Headway and Epilepsy Ireland expands #iseebeyond campaign to the workplace
20 Mar 2017
Nominate your employer for ‘National Hidden Disability Awards 2017’
21st March 2017: Headway, Brain Injury Services and Support and Epilepsy Ireland have today issued a call for those in the workplace living with a hidden disability to nominate their company in the ‘National Hidden Disability Awards 2017’.
There are an estimated 30,000 people in Ireland living with an acquired brain injury in Ireland and 37,000 living with epilepsy.
A national survey* conducted by Amárach shows that 7 in 10 people would not feel comfortable telling their employer they had a hidden disability and 9 in 10 employees in Ireland show that workplaces lack awareness of hidden disabilities.
CEO of Headway, Kieran Loughran commented:
“A hidden disability can be easily overlooked. Every day people living with an acquired brain injury face judgement because people can’t see what is going on for them. We want to create a society in which people living with a brain injury feel more understood, included and supported in the workplace. We want to dispel the myth that persons with hidden disabilities like an acquired brain injury or epilepsy are unable or no longer able to contribute in the work place and of course celebrate the companies that have made a positive impact with their employees”.
CEO of Epilepsy Ireland, Peter Murphy said:
“Epilepsy Ireland's vision is to achieve a society where no person's life is limited by the condition. This campaign wants to honour and recognise companies that have played a huge part in believing in their employees.
Well-known radio presenter Rick O’Shea has worked with Epilepsy Ireland for over ten years and was diagnosed with epilepsy at aged 16, also commented:
“I am thrilled to be here today to show my support for the #iseebeyond campaign. Living with any disability can be difficult, but when the disability is not visible unfortunately stigma can be attached. As a society we need to stop and think for a minute before assuming anyone’s circumstance. Headway and Epilepsy Ireland are doing a fantastic job of highlighting hidden disabilities and today are encouraging employees to nominate their company in the ‘National Hidden Disability Awards 2017’.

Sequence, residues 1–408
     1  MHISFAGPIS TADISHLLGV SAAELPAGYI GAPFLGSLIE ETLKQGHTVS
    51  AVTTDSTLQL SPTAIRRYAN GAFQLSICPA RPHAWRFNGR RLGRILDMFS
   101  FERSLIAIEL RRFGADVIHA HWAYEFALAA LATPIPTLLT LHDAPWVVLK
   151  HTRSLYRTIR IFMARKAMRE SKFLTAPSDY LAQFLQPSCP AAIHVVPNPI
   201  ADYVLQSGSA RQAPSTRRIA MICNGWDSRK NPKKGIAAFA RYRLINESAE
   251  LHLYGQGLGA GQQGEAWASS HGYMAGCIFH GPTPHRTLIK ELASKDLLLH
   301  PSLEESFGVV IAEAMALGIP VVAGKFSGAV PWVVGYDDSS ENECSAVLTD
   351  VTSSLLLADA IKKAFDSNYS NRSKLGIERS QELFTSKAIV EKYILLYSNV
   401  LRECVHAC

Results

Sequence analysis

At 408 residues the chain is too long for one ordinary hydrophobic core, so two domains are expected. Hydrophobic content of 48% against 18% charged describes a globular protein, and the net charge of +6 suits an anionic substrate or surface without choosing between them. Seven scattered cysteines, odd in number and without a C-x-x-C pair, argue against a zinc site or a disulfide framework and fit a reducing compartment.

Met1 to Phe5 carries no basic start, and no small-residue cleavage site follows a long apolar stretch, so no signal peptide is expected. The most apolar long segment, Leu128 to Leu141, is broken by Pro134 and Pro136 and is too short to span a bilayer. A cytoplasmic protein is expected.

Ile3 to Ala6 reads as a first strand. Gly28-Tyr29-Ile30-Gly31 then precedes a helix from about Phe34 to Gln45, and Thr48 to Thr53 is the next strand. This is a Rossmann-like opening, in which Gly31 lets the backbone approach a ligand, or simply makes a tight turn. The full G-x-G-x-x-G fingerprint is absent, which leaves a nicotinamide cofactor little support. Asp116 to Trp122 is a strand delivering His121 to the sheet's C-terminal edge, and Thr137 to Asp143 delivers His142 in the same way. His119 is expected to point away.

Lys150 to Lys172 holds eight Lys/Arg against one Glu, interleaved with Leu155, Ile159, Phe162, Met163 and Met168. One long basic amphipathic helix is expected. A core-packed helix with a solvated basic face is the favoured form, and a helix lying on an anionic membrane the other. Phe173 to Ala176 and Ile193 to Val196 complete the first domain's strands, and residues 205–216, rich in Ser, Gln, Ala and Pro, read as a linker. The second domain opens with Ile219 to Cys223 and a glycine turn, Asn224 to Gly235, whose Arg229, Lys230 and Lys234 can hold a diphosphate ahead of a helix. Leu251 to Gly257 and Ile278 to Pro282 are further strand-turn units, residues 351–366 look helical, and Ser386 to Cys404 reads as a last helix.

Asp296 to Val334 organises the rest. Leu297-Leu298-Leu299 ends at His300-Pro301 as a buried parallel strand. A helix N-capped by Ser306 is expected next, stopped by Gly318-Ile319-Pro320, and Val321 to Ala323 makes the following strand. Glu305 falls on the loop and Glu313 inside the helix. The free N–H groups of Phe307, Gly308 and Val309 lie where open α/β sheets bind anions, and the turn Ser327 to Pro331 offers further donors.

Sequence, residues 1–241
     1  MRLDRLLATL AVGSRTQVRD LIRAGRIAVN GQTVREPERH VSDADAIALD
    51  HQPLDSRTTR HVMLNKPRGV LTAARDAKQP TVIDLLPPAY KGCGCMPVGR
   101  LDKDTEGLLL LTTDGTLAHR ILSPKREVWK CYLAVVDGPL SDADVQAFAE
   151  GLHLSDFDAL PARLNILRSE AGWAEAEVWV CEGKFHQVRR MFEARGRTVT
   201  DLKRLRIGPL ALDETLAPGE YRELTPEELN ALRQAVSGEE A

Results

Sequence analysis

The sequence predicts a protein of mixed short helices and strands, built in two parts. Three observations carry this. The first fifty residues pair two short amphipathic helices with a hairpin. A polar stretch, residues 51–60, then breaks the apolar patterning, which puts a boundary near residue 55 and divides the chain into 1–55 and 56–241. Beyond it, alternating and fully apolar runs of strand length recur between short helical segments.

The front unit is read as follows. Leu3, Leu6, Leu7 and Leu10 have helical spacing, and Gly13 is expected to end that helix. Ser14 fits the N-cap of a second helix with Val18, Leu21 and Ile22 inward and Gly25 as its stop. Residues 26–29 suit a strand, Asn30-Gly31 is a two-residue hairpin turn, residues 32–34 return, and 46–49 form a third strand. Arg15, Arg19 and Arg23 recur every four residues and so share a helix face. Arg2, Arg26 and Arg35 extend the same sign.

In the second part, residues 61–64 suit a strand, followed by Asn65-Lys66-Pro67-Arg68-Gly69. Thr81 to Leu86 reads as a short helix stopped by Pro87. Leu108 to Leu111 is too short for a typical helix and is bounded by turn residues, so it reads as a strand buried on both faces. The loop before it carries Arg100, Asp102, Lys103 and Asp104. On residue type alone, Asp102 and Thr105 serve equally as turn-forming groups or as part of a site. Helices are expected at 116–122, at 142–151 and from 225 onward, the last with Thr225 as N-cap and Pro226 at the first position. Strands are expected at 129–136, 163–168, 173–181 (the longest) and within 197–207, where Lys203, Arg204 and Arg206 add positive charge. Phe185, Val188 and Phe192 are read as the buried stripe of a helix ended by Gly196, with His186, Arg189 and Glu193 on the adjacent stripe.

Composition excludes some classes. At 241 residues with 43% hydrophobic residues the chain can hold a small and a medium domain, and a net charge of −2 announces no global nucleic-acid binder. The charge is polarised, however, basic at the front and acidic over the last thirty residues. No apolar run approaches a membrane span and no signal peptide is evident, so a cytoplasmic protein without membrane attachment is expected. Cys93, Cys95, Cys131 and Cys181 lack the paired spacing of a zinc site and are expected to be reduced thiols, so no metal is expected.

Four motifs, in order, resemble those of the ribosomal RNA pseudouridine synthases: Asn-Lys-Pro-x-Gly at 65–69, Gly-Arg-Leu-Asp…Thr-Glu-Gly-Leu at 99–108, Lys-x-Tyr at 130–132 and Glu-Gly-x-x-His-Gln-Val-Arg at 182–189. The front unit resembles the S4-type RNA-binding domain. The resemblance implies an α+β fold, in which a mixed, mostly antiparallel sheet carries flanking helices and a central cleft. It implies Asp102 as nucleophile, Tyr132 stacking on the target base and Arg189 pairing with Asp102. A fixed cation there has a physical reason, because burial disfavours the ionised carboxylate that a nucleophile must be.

I would urge people to start talking about this important topic. And always remember never judge a book by its cover”.
#iseebeyond is supported by six videos which tell a short story of people that live and work with a hidden disability. The videos promote a positive message towards people living with a hidden disability in the workplace.
If your employer is hidden disability friendly, log onto www.iseebeyond.ie to nominate. Examples of good practice in supporting employees with hidden disabilities include:
Fully understanding the disability
- Discussing the full implications of the disability
- Investigating the supports that may be needed
- Implementing necessary changes to ensure safety
- Arranging for co-workers to be trained/ informed to support the employee
- Making allowances for medical appointments
- Providing accessible technologies at work
- Ensuring that company policies are inclusive and accessible
*Survey was conducted by Amárach Research from 7-11 December 2015 across a total of 1,000 participants in Ireland. It included quotas set on gender, age, social class and region to achieve a sample aligned with national population.
For further information or to request an interview, please contact Elizabeth Fearns from Prior Communications:Elizabeth.email@example.com/
01 5240236 or 0877740711
Headway is a not-for-profit organisation, which provides support and services to individuals affected by Acquired Brain Injury (A.B.I). Founded in 1985, Headway strives to heighten public and political awareness of Acquired Brain Injury and the impact it has on individuals, families and carers. Headway’s mission is “Bringing positive change in the lives of those affected by Acquired Brain Injury”.
About Epilepsy Ireland
Epilepsy Ireland is the national organisation supporting and representing people with epilepsy, their families and carers. Established in 1966, the charity provides a wide range of support and information services from head office in Dublin and from nine locations around the country. The charity also provides training programmes for both health professionals and for young adults with epilepsy; actively works to improve public understanding of epilepsy and funds high quality Irish research into the condition. See www.epilepsy.ie.
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